ANNAPOLIS — A controversial Baltimore City District Court judge is accused of using her influence to attempt to embarrass another judge in 2015, according to testimony before a judicial ethics panel on Monday.
The Commission on Judicial Disabilities recommended a six-month suspension for Judge Devy Patterson Russell last November after finding her conduct toward court staff and fellow judges violated judicial ethics rules. The Court of Appeals, which must ultimately implement any sanction recommended by the commission, heard arguments in March and has not yet ruled.
Russell was brought up on additional charges, made public in April, that accuse her of trying to manipulate an incident report to cast Judge Katie O’Malley, also on the Baltimore district court, in a bad light. Investigators for the commission contend Russell committed sanctionable conduct by using her office to advance her personal interest, interfering with court business, failing to cooperate with other judges and employees and giving a perception of impropriety.
A hearing began Monday in Annapolis and is to continue on Aug. 5 and 6. Investigators sought to convince the commission that Russell disliked O’Malley and was particularly frustrated in March 2015 after O’Malley was given a permanent chambers assignment (District Court judges in Baltimore rotate through assignments at the four city courthouses and do not typically have fixed offices).
Investigative Counsel Tanya C. Bernstein said that Russell complained about the chambers assignment, given based on seniority, and said that it motivated her to attempt to get O’Malley in trouble. Bernstein said Russell’s conduct shows a “lack of respect for the office that she holds.”
Baltimore City District Court Administrative Judge Barbara B. Waxman testified Monday that Russell did not like O’Malley and that her dislike was “very common knowledge.” In January 2015, Russell reported to Waxman that she heard that O’Malley had used profanity in court to a citizen, which Waxman said she investigated by reviewing the audio recording from O’Malley’s courtroom.
“If a judge is using profanity, I want to make sure it’s not directed at a citizen,” Waxman said.
Waxman said she determined that a person in the courtroom had used profanity and that O’Malley was repeating it back when she used it herself. Waxman closed the file and determined no action should be taken.
On March 10, 2015, Russell spoke with supervising bailiff Nella Altadonna about the incident and accused O’Malley of swearing at a citizen; she asked why the profanity had been left out of an incident report and waited while the bailiff who witnessed the interaction was summoned. The bailiff said he recalled O’Malley using the profanity and added an addendum to the report.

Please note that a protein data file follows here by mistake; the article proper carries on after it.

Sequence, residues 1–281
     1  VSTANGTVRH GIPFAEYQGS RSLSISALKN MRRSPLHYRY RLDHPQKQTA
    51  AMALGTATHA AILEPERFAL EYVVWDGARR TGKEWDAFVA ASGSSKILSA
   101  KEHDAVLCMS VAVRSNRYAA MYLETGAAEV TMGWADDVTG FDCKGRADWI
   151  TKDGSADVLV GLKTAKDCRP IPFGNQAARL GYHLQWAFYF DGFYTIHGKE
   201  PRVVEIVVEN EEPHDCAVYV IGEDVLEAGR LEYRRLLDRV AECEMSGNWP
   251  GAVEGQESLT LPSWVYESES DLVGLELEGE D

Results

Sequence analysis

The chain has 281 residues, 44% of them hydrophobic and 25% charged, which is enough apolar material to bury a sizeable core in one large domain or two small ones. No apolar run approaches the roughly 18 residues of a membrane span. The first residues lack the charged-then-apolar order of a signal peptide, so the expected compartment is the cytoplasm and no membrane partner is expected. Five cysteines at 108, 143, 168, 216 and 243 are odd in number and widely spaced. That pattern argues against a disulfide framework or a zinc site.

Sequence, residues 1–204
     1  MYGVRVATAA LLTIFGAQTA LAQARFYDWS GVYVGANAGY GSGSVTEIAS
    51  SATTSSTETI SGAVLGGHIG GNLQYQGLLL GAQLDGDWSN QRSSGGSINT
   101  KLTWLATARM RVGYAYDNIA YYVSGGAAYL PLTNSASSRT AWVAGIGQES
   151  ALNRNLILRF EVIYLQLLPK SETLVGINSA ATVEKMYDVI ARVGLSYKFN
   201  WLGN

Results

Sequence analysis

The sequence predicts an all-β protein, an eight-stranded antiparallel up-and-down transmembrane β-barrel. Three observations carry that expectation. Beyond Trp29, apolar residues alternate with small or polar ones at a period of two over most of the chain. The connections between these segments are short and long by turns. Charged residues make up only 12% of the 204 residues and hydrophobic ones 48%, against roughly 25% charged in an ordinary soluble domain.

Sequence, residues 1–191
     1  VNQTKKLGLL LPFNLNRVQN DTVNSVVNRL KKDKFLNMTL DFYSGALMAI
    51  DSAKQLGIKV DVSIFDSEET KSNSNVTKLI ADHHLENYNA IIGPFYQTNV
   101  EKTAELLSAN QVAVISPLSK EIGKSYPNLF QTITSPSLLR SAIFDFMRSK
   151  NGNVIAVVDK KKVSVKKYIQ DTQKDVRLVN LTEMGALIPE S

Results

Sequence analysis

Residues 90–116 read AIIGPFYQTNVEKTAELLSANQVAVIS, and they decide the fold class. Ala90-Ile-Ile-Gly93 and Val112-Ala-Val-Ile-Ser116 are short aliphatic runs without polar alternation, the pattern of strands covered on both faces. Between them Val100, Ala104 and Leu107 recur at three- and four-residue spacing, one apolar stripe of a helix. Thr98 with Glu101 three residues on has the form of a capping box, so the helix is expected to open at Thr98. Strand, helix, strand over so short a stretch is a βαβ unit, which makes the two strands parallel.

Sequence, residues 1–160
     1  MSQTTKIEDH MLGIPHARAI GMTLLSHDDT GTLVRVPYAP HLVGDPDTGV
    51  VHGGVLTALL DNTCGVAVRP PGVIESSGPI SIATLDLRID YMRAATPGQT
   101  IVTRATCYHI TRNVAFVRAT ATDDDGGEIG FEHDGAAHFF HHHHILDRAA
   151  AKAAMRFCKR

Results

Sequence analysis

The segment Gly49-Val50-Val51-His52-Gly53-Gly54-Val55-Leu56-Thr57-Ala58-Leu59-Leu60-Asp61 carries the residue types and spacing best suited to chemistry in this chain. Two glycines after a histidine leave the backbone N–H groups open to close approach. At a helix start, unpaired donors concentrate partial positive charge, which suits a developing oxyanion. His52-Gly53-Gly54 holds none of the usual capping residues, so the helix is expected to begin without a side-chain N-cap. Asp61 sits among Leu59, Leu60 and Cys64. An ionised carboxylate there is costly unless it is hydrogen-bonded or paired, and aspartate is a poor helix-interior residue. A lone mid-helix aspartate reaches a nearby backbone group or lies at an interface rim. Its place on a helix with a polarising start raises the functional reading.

Altadonna testified that she did not know at the time why Russell was asking about the incident and “didn’t feel comfortable about it.”
Nevertheless, Altadonna said that “a judge” — Russell — “asked me for something” and said that she and the witnessing bailiff complied with Russell’s request to include the profanity in the report.
Altadonna at times had trouble recalling events, noting that it had been more than four years since the incident, and said some details were “hazy,” but investigators introduced a report she wrote three days after Russell came to see her that she sent to Waxman.
Waxman learned about the addendum on March 11, when she received a call and was told that Russell was showing other judges the updated report and claiming, “Katie used the F bomb and I have proof.”
Judge Joan Bossmann Gordon testified that Russell did not like O’Malley “at all” and complained about the permanent chambers assignment after it was made. She said sometime in March she heard Russell in the hall speaking loudly to someone about O’Malley being “in trouble.”
Waxman said that she met with Altadonna and the bailiff and played the recording, at which time the bailiff was upset that his recollection had been inaccurate and apologized. He wrote a new report about the incident that was consistent with the audio recording.
Russell’s attorney, William C. Brennan Jr., of Brennan, McKenna & Lawlor Chtd. in Greenbelt, told the commission that Waxman wanted to know about any noteworthy incidents and thanked Russell after she reported what she had heard. He also said Russell never dictated what was to be in a report and had not listened to the audio herself to know what happened in O’Malley’s courtroom.
Brennan objected to questions to Waxman and Gordon about comments Russell made to them about O’Malley, calling it a “dangerous precedent” if private expressions of opinions about other judges are a violation of judicial ethics.
“We’re getting far afield of sanctionable conduct,” he said.
Investigators argued and commission chair Judge Michael W. Reed agreed the opinions themselves were not the basis for charges against Russell but rather go toward her motive to manipulate the situation.
The hearing is scheduled to continue Aug. 5 in the Court of Special Appeals.